The Gabii Project is a very serious undertaking with real, groundbreaking discoveries being made each day. This process would be impossible without the passion and dedication of our student volunteers. It is very important to understand that duties on-site involve safe, yet strenuous physical labor in temperatures up to 100º Farenheit. In the field, students are expected to carry out the tasks assigned to them to the safest extent; periodic breaks built into the day provide a chance to rest and escape the heat, and students are urged to monitor their energy and take small water/shade breaks as conditions necessitate.
With such great work come great rewards. The site of Gabii is full of unexpected treasures and special finds, often discovered by our volunteers. The insights provided by such revelations can provide great starting points for research projects and theses, besides simply expanding a student’s understanding of ancient Italian culture. Furthermore, Gabii is a premiere field program boasting international acclaim for both the archaeological work being performed and the pedagogical value of the instruction. Students can be absolutely certain that the methods they learn in the field at Gabii are on the cutting edge of excavation practices and will be useful at any future excavation. With all the opportunities available to students, it is easy to see why many of our alumni count The Gabii Project as a critical experience in their studies.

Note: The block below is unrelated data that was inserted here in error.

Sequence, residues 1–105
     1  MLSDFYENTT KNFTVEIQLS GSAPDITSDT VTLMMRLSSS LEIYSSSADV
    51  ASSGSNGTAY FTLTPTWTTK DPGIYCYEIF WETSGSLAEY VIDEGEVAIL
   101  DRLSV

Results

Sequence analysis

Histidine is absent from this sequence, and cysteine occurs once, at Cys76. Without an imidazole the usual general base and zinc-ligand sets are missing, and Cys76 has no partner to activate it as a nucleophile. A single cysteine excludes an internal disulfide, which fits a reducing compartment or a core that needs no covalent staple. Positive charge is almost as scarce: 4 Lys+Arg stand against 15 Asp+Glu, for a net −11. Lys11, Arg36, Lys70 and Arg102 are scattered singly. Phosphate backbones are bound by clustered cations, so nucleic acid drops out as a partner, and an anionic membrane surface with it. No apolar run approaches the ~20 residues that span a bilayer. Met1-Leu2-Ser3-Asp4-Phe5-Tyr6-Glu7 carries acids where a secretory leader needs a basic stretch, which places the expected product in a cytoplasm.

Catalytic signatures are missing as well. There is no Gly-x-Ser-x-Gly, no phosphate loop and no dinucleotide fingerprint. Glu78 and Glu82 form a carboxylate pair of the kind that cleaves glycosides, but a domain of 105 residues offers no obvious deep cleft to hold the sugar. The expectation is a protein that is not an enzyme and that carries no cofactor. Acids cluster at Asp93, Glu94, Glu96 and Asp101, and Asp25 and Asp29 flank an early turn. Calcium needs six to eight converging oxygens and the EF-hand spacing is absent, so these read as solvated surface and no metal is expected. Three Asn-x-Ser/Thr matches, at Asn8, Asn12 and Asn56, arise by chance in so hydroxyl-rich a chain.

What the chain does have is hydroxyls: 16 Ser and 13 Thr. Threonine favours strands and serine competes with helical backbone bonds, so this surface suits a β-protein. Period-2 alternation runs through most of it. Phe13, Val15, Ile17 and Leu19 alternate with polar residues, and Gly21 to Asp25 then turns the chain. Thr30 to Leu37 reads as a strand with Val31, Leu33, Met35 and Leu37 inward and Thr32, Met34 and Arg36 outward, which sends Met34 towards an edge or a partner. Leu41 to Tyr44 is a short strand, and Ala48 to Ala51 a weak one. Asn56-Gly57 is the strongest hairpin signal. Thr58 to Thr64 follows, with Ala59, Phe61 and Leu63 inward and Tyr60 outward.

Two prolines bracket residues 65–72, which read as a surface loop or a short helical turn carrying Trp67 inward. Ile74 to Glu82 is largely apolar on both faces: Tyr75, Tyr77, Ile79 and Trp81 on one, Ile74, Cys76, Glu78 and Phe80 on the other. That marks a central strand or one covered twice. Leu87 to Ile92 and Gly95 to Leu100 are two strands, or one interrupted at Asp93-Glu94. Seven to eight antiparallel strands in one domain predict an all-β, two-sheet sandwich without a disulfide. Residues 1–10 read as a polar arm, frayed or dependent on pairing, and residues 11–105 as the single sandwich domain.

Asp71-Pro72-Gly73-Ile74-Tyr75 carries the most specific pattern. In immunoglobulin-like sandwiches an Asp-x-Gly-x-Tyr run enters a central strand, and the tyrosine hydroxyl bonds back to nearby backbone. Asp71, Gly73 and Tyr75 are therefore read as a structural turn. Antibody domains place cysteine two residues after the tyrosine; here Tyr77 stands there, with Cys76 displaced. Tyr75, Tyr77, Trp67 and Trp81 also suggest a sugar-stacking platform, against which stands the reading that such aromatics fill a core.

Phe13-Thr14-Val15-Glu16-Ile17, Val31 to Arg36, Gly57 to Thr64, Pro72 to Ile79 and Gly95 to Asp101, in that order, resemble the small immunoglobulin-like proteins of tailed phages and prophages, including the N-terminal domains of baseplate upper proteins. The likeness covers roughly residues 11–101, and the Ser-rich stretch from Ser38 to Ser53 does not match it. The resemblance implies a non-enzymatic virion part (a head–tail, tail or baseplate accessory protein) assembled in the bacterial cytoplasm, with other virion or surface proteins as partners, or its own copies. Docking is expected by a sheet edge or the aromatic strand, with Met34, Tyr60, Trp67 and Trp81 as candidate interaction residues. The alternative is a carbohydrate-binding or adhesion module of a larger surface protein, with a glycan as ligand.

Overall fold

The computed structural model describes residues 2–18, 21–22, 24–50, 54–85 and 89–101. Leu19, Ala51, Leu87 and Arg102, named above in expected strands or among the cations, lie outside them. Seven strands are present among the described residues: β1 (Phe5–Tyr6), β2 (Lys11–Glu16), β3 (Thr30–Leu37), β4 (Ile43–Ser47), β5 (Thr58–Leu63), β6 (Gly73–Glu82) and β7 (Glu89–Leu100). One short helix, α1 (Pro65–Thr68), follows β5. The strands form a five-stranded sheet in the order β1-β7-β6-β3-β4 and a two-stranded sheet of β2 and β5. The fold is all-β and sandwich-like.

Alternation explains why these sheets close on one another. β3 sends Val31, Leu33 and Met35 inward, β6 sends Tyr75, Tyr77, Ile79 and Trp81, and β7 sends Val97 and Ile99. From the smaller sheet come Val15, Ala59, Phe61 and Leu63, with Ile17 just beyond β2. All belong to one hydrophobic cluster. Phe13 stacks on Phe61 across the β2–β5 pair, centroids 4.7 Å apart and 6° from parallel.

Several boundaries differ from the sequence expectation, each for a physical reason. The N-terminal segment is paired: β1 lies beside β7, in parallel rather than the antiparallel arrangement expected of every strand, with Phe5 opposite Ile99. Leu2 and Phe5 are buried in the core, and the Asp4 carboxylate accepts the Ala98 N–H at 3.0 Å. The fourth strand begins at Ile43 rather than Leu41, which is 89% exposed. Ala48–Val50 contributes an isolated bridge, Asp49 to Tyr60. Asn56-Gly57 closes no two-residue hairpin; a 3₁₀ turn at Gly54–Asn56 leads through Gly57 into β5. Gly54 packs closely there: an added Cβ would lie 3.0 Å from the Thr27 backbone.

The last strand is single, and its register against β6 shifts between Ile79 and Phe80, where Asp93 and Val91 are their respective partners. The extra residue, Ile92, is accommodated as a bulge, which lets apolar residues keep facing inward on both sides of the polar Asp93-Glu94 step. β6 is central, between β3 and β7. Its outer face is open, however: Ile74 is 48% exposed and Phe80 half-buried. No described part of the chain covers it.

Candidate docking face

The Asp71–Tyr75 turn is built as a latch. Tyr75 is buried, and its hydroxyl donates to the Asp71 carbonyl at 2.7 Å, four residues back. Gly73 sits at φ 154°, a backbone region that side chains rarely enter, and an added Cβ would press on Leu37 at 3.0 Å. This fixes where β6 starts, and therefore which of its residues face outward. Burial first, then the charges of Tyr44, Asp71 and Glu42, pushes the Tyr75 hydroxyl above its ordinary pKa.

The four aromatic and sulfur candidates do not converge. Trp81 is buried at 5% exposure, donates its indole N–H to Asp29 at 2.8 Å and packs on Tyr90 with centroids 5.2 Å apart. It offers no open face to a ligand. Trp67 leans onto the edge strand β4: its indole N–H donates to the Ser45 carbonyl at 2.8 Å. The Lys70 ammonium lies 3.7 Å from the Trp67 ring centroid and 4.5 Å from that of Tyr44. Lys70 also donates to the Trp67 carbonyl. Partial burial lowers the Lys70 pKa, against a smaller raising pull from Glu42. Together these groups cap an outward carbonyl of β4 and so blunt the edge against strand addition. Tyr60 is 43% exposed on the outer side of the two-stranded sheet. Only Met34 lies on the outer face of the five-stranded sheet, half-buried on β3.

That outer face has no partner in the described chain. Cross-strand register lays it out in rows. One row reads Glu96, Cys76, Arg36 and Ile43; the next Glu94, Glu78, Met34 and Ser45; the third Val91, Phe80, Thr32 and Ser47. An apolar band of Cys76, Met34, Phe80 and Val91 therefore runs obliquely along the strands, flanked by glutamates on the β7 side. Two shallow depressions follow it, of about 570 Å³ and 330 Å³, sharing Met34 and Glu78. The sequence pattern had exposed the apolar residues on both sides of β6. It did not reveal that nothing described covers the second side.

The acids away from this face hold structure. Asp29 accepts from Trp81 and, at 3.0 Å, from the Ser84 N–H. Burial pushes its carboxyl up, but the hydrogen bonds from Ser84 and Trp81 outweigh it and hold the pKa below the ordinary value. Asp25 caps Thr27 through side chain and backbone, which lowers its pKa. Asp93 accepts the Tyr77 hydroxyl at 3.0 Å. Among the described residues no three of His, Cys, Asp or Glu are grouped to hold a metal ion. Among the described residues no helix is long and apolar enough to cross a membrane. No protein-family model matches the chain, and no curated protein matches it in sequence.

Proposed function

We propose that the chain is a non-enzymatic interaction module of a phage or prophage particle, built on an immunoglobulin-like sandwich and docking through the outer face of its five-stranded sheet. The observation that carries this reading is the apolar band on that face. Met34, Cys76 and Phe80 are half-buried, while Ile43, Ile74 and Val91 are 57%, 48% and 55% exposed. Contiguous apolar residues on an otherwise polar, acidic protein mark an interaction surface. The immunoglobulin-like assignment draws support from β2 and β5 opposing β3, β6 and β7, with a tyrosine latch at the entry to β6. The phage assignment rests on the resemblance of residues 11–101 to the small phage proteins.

All volunteers are assigned to an excavation area, where they will work with various teams excavating several stratigraphic units. Each team will be supervised by experienced excavators. Students are expected to follow the instructions of their supervisors, for both their own safety and the integrity of the excavation. Additionally, the field program will expose participants to all facets of fieldwork, including working with ceramics and other archaeological materials, environmental sampling, flotation, topography, conservation, and documentation. A regular rotation will be established for field program participants.
During the week, students should expect to be ready to depart from the main residence building by 6:45 AM. Arriving at the dig site by 7:30, work will commence as soon as everyone has acquired their tools and safety equipment and lasts until 4:30 PM, with two breaks. The first break takes place at 10 AM, and lasts 20 minutes, and a bagged lunch is served from 1:00-2:00 PM. Generally, students arrive back at their residences by 5:30 PM; periodic catered dinner lectures illuminating various areas of archaeological endeavor will be given after students’ return. Students enrolled for credit are required to attend these lectures, and all other participants are strongly encouraged to do so as well.